Improving the Use of Venous Thromboembolism Prophylaxis during the Postpartum Period

Nature and scope of the project

Venous thromboembolism (VTE) is one of the leading causes of maternal morbidity and mortality in the United States accounting for 9.3% of all maternal deaths. Postpartum patients have a fourfold to fivefold increased risk for VTE specifically within the first four to six weeks after delivery.

Synthesis and analysis of supporting literature

Thrombolytics, specifically low molecular weight heparin, have been shown to reduce the risk of thromboembolism rates in patients who demonstrate risk factors. One of the barriers to VTE prophylaxis is underprescribing by obstetrical providers which increases the risk for maternal morbidity and mortality. The purpose of this quality improvement project was to improve the prescribing of low molecular heparin for postpartum individuals at risk for developing life-threatening venous thromboembolism.

Project implementation

Project implementation took place at a large, academic medical center on Chicago’s west side. Multifactorial interventions included a comprehensive educational in-service for obstetrical healthcare providers on the importance of prescribing postpartum low-dose heparin. The introduction of a paper-based risk assessment tool was integrated at each workstation serving as a reminder of who qualified for postpartum VTE prophylaxis. Integration of best practice alert in the electronic medical record was also implemented prompting obstetrical providers to prescribe low-dose heparin if clinically indicated.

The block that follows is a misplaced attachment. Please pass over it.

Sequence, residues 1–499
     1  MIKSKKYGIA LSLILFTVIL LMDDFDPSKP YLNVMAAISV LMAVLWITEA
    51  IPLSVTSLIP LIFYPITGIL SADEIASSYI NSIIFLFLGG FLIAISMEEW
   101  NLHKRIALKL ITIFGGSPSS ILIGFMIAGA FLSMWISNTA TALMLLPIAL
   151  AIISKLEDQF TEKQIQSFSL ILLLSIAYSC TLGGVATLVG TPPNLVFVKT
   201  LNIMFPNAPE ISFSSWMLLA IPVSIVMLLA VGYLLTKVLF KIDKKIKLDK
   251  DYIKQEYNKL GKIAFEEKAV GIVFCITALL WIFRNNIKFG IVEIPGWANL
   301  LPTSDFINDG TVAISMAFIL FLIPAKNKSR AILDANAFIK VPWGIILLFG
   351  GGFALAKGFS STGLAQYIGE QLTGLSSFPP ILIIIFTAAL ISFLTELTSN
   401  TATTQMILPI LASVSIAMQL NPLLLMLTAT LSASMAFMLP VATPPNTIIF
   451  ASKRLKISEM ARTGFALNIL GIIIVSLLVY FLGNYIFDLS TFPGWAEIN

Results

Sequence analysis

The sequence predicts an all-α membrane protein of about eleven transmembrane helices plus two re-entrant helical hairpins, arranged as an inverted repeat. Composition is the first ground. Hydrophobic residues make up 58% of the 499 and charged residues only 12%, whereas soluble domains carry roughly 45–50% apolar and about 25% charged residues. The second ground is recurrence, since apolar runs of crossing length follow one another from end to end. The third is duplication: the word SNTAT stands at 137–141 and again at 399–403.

Evaluation criteria

Comprehension of the educational in-service content was evaluated with pre/post-test evaluation to assess their knowledge of the importance of prescribing of low molecular heparin. Data was retrieved from the electronic medical comparing pre- and post-intervention prescribing rates from 2022 and 2023 to determine if the strategic interventions improved overall rates.


These multi-component strategies improved VTE prophylaxis prescribing rates from 42% to 81%. The obstetrical provider’s knowledge and confidence significantly increased pre/post-intervention. By improving postpartum venous thromboembolism prescribing rates, this quality improvement project was able to improve health outcomes and preventable causes of maternal death.


Multicomponent, quality improvement strategies such as educational in-services, a paper-based risk assessment tool and best practice alerts in the electronic medical record have the ability to increase thromboembolism prophylaxis prescribing in the postpartum period which is one step closer to improving the maternal health crisis in the United States.



Improving the Use of Venous Thromboembolism Prophylaxis during the Postpartum Period